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Rock Valley College and Goodwill Industries battle Rockford’s education gap one test at a time
ROCKFORD — A pilot program launched in October is showing signs of success as educators look to arm thousands of adults in Boone and Winnebago counties with a high school equivalency certificate and skills that will land them a sustainable job.
Mary Kinney retired after a 33-year career as a public school teacher and is now on the front lines of this battle. There are 45,000 adults in the two-county area who have no high school diploma or General Educational Development certificate.
The long odds don’t deter Kinney. She teaches about a dozen adults for a few hours a day, four days a week, in the pilot program run by Rock Valley College and Goodwill Industries of Northern Illinois. The program is a precursor of sorts to a larger, more sophisticated plan envisioned by RVC and Goodwill to provide basic and vocational education to the multitude of undereducated adults in the region.
While the larger vision develops, Rock Valley has married its adult education instruction with the kind of intense, personalized case management that Goodwill has found successful in its GoodGrads program, which is a prelude to a GED class. Student retention in most adult education of that sort hovers around 30 percent. The RVC-Goodwill pilot program boasts retention rates of 79 percent and higher. Administrators say effective case managers are the reason for that success; they help students overcome life and work obstacles that often derail their educational aspirations.
Last week, Kinney was quizzing three adult women on the finer points of the legislative, executive and judicial branches of the federal government. In Illinois, students must pass a U.S. Constitution test before they can earn a GED. Kinney finds that, for many students, the Constitution test is the easiest part of the GED battle.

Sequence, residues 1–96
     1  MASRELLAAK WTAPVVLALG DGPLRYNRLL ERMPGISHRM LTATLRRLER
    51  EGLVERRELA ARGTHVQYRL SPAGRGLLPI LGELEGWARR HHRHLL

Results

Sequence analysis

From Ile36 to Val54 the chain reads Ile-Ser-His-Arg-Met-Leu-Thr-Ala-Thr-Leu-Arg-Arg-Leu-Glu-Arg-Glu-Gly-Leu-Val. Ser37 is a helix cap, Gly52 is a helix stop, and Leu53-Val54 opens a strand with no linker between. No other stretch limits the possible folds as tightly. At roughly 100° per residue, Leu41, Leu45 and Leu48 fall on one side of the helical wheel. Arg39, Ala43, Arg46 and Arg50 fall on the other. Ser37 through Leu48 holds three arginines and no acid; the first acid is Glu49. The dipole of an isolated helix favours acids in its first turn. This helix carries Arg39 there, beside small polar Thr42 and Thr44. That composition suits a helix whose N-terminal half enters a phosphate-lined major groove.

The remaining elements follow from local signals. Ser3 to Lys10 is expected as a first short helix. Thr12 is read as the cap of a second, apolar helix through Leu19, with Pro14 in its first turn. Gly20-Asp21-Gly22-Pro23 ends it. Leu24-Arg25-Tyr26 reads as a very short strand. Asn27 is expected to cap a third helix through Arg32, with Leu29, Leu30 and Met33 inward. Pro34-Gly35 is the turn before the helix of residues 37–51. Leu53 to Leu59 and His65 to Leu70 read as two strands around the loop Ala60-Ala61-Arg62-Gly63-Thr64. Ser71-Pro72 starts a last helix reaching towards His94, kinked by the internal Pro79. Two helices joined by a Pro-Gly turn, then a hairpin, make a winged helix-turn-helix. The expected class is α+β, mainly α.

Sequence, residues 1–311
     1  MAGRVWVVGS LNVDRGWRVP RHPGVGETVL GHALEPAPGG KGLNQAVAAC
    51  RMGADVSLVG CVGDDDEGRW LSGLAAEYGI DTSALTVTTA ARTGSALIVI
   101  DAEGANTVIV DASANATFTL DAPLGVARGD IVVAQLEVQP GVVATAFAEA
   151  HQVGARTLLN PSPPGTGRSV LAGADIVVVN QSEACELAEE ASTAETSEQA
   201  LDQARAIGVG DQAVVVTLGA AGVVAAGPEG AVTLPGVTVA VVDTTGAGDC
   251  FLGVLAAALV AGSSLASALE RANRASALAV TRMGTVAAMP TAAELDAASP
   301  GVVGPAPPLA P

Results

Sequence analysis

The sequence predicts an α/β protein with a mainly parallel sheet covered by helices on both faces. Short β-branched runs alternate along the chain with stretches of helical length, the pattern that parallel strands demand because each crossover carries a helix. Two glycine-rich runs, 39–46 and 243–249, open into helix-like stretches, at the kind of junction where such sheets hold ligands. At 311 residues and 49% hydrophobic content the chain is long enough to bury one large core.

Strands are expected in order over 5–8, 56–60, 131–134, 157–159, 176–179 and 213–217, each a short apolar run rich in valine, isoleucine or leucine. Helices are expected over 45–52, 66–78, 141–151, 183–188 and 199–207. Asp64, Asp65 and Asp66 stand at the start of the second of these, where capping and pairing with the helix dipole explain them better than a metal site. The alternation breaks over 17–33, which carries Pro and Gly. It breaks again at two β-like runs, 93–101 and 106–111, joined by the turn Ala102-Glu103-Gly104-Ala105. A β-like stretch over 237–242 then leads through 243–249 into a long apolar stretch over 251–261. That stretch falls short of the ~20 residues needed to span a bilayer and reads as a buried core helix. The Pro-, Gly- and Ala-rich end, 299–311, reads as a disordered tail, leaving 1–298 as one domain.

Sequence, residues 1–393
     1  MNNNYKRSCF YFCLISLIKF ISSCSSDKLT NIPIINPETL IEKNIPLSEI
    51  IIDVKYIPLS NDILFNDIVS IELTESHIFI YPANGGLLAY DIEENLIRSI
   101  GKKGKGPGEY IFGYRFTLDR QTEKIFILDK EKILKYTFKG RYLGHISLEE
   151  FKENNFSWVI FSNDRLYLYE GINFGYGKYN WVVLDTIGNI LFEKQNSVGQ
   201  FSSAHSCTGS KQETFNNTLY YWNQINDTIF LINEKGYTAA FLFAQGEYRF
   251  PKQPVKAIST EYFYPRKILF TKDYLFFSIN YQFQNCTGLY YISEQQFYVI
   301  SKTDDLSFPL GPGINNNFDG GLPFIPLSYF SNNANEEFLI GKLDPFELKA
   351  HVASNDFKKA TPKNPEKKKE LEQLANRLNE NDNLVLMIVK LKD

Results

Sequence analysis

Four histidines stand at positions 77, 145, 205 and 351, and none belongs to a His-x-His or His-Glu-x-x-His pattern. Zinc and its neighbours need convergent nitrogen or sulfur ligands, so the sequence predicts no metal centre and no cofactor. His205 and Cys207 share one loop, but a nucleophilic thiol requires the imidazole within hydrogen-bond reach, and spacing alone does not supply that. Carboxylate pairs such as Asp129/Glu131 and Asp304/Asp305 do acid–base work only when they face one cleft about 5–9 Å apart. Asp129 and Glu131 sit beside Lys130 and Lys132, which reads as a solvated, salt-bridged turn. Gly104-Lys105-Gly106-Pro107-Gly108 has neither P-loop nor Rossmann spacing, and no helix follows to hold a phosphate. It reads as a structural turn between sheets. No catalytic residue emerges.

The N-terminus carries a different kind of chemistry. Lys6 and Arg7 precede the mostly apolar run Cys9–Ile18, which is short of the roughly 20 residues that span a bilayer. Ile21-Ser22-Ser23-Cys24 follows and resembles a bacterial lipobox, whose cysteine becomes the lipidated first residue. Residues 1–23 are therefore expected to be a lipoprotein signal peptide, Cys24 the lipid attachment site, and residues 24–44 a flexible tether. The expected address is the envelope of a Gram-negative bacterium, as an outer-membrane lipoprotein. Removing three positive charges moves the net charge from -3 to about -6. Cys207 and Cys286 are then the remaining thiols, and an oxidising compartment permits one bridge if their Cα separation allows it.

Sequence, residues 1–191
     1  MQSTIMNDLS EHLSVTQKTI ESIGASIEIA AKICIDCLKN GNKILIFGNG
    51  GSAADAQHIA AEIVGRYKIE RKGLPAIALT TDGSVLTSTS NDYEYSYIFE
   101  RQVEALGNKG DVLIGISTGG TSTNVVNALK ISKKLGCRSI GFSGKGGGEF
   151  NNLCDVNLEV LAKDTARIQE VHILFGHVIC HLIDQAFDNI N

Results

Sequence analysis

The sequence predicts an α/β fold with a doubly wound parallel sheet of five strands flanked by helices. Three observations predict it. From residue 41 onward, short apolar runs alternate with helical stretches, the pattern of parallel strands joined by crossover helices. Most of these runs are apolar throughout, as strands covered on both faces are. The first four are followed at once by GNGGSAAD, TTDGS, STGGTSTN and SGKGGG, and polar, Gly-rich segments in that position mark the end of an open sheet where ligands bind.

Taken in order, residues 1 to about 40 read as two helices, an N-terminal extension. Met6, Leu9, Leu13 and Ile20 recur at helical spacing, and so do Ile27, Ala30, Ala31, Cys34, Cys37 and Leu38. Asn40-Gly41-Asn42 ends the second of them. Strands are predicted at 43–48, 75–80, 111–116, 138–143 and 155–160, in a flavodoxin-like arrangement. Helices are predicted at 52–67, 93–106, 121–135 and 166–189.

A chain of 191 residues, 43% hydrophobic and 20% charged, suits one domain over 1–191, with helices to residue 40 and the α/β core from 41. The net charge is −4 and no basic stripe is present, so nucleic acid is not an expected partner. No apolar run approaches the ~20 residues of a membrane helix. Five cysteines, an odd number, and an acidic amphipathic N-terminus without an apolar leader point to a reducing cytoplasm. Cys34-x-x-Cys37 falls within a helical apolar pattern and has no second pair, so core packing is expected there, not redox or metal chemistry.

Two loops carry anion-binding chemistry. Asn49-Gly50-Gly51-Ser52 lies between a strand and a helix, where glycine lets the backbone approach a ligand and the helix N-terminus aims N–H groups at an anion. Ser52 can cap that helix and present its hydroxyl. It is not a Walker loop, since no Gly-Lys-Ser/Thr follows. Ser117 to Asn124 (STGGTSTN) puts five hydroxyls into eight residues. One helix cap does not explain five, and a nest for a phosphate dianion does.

“Math is the hardest part of the GED test,” Kinney said. “Reading comprehension and writing skills — we focus on that a lot, too. The Constitution test tends to be the easiest part. So you try to build on that, get some easy wins. When you see the look on their faces when they get the answers right, or pass when they pass a test — I wish we could bottle up their enthusiasm.”
If earning a GED is the goal, Kinney said, the key to success is not giving up. In that respect, results of the RVC-Goodwill pilot program are encouraging, even though the program is only 6 months old.
Rock Valley delivers reading and math instruction — below the ninth-grade level — to students and Goodwill provides case management services. Every student’s needs are different, and the case manager’s role is equal parts therapist, student advocate and confidence booster.
Most students in pilot program are in their 20s, 30s or are even older, said Cira Bennett, a case manager who oversees Goodwill’s GoodGrads program. Students routinely need help to navigate obstacles such as child care, transportation, rent payments and any number of other hurdles that might prevent them from attending class.
“The biggest takeaway that we see with this program so far is the case management,” Bennett said. “We’re learning how to use the case managers more frequently, more strategically.”
For the first session of the pilot program, which ran from October through December, student retention was 79 percent in classes offered at Rock Valley’s downtown Learning Opportunity Center. Retention was 87 percent at the second site, Blackhawk Courts Apartments on 15th Avenue. Students collectively passed 17 individual tests needed to earn a GED. One individual earned a GED.